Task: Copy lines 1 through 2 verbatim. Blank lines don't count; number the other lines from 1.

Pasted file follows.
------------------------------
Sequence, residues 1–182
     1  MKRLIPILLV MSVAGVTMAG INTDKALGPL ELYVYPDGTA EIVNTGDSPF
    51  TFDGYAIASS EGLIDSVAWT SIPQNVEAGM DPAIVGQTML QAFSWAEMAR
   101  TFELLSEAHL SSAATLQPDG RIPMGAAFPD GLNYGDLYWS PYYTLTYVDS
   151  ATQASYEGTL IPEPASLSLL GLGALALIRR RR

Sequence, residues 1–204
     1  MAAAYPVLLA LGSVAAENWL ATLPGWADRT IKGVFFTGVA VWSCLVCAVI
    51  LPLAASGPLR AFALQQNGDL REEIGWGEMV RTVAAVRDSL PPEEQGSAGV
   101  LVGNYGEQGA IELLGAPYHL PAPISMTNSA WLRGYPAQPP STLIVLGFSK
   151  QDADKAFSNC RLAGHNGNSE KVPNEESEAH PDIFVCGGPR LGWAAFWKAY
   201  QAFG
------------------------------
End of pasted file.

Sequence, residues 1–182
     1  MKRLIPILLV MSVAGVTMAG INTDKALGPL ELYVYPDGTA EIVNTGDSPF